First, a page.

As we inch ever closer to the London Marathon, it’s time to make sure you’re fully prepared for the big day, which means making sure you’re eating right.
Race week is all about being sensible. So, as well as being confident enough to ease off your training and not going crazy with any last-minute fitness tests, you should also think about prepping your ideal diet. By now, you’ll understand just how important getting the right fuel can be, especially for big events, so be wary of opting for last-minute superfoods with the hope that they’ll give you a boost on the big day.
Quality protein is key for building strength, especially if you’re combining your strength work with aerobic exercise, but you need to eat according to the training you’re doing - don’t just repeat the same meals each day! On intense training days, including the big day itself, more carbohydrates are needed to prep and refuel. On the other hand, rest days should focus more on protein and healthy fats
Foods to think about
If you’re training hard, rice is a much easier carbohydrate source for your body to handle than pasta or bread. Also, get your hands on some sticky rice to make yourself some rice cakes to take out with you on long runs.
Eggs are fantastic little packages of protein, vitamins and minerals. If you’re on a rest day or not training until the evening, an omelette or scrambled eggs are the perfect way to start your day.
Beans and pulses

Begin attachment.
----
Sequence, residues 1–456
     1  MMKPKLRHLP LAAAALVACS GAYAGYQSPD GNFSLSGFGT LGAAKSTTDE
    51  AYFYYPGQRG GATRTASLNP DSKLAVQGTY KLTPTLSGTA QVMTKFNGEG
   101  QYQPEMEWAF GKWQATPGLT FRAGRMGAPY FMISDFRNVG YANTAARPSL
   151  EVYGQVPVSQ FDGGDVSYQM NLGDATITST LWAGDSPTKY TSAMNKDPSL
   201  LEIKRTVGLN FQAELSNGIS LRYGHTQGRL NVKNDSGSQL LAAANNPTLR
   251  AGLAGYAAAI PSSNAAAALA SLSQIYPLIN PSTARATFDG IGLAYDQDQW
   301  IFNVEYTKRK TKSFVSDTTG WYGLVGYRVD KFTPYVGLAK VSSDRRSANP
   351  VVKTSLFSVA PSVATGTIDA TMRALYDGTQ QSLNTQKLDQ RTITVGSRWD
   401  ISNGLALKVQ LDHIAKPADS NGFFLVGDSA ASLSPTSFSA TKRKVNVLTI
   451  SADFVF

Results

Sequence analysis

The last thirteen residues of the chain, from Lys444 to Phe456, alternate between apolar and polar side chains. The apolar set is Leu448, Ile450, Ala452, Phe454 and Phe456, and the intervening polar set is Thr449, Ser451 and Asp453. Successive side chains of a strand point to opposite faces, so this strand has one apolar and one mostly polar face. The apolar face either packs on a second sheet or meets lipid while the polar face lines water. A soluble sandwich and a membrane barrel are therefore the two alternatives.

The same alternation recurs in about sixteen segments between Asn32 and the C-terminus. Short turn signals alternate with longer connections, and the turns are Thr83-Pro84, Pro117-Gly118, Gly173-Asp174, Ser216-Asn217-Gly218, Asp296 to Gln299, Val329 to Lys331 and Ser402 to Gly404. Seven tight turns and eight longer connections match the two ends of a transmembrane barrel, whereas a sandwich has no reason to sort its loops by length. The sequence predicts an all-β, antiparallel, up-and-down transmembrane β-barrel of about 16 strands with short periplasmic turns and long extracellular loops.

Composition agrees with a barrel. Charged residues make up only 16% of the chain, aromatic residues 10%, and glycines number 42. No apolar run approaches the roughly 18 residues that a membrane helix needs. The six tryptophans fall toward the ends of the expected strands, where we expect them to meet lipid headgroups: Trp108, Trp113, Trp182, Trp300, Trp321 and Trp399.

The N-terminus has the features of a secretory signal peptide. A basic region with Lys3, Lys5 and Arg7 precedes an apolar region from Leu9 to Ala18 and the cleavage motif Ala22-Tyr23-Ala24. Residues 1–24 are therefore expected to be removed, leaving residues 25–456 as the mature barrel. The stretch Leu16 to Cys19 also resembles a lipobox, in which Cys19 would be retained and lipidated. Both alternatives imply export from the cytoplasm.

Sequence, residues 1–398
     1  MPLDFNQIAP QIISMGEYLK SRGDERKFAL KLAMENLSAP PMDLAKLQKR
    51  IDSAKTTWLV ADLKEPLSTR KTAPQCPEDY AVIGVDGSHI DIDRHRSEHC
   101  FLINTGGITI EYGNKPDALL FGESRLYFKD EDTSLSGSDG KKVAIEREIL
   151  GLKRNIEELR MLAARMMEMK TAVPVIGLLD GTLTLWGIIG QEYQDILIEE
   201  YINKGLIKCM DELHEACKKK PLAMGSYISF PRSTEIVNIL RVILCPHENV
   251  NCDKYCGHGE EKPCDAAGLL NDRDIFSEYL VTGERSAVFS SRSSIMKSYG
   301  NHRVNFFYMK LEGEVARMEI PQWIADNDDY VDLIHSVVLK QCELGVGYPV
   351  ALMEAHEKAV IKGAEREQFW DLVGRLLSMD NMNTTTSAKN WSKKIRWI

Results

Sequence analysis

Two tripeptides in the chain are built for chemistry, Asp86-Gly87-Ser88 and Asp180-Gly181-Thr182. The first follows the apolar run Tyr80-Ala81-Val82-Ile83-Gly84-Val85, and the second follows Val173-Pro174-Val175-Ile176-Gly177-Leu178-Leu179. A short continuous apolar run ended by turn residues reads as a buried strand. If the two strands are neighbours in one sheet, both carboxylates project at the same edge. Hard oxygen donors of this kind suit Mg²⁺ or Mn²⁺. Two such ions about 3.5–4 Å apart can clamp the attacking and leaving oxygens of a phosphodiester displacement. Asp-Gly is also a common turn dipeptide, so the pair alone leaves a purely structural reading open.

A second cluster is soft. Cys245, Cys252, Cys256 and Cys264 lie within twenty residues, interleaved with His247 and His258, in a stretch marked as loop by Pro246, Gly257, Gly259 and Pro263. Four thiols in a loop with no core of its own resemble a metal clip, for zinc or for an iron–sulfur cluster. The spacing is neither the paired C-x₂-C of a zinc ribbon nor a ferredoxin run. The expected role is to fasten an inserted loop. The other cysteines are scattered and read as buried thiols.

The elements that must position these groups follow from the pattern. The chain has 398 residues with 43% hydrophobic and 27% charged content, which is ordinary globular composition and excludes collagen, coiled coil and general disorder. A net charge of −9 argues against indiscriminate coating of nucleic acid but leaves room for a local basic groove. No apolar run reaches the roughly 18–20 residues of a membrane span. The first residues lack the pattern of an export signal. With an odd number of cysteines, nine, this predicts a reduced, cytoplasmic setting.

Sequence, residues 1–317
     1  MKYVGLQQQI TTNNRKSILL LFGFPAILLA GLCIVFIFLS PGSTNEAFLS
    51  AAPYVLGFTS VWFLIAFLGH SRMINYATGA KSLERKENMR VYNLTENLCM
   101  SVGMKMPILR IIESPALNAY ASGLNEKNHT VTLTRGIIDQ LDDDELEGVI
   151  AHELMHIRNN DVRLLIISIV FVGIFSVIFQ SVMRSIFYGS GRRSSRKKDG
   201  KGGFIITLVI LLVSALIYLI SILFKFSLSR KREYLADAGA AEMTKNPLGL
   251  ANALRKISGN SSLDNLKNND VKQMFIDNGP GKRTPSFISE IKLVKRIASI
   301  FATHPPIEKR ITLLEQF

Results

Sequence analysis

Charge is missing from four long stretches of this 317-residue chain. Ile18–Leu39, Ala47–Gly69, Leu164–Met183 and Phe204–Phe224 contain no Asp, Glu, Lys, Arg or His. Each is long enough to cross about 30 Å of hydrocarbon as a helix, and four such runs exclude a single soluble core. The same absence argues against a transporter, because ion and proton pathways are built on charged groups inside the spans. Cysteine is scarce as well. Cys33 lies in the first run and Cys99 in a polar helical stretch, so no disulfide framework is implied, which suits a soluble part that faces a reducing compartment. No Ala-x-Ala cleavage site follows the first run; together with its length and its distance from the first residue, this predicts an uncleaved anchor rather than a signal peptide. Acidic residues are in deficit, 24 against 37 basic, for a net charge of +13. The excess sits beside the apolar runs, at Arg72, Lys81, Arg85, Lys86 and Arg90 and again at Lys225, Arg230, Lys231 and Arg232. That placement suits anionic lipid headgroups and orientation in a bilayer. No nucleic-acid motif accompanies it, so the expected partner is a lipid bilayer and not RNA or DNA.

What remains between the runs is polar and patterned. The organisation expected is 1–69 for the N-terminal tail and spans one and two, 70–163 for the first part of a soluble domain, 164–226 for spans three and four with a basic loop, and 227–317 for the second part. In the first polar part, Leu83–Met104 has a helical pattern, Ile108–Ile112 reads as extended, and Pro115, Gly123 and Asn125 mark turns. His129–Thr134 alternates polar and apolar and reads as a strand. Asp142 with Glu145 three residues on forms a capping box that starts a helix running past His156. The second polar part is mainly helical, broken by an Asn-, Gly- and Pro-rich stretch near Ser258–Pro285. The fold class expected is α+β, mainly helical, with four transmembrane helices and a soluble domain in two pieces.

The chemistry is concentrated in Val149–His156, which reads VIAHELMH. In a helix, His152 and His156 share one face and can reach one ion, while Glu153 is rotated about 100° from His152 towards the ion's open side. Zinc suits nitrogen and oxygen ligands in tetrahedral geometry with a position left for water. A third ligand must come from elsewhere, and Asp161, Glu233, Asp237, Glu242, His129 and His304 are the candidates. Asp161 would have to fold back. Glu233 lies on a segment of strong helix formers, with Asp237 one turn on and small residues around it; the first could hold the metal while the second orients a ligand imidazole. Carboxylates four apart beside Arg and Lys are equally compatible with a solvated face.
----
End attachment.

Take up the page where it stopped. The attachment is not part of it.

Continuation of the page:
High in fibre, iron and B vitamins, eating a range of legumes is one of the best ways to ensure that vegetarians and vegans get their full complement of amino acids. Meat eaters should stock up too and make sure they’re included in meals - mixed-bean chilli is a brilliant slow-cooked option!
The go-to choice for lean, quality protein. It’s also high in beta-alanine, which can aid high-intensity training. It’s effortless to add turkey breast to most meals in your diet, or you can even grill turkey steaks or use turkey mince to make a hearty chilli or some tasty burgers. Veggies and vegans should stock up with Quorn as a protein-packed meat-free alternative.
Make sure you’re choosing 70% cocoa content or higher - milk chocolate is not allowed! Just a couple of squares of dark chocolate feels like a treat and delivers a decent dose of beneficial flavonols. These lower LDL cholesterol, stabilise blood-sugar levels and help to improve blood flow.
Tinned sardines in tomato sauce
These little gems are packed with omega-3 oils and quality protein, plus the tomato sauce is loaded with lycopene, a powerful antioxidant. Mash onto some wholemeal toast for a fast, easy and effective recovery meal.
Baked, roasted or boiled in stews, sweet potatoes are a really versatile carbohydrate source. High in fibre, vitamins A, C and B6, and antioxidants. They have a lower glycemic index than regular potatoes too, which means the energy release is more sustained.
Countdown to success
The week before the marathon
Begin ‘grazing’ on Thursday, eating smaller meals and snacking in between.
The day before the marathon
Continue the grazing approach, but eat slightly bigger meals and eat every 4 hours. Include more carbohydrates in your meals and also drink little and often, including one drink made with electrolytes.
The evening before the marathon
Have your last big meal at about 7pm.
Breakfast on race day
Aim to eat breakfast at least 2hr before the start of a long race; something like porridge. Move on to toast or a teacake, topped with honey and banana about an hour before the start.
During the race
It’s important to eat within the first hour of racing. This is hard to do as the pace is fast and you are unlikely to be hungry, however, something like apricots or a muesli bar is essential to help you cross that finish line.
If you’re all prepared for the London Marathon but your training gear has seen better days, check out our guide to the perfect race day kit.
For more helpful tips and advice, head over to our blog for more useful information on fitness and nutrition.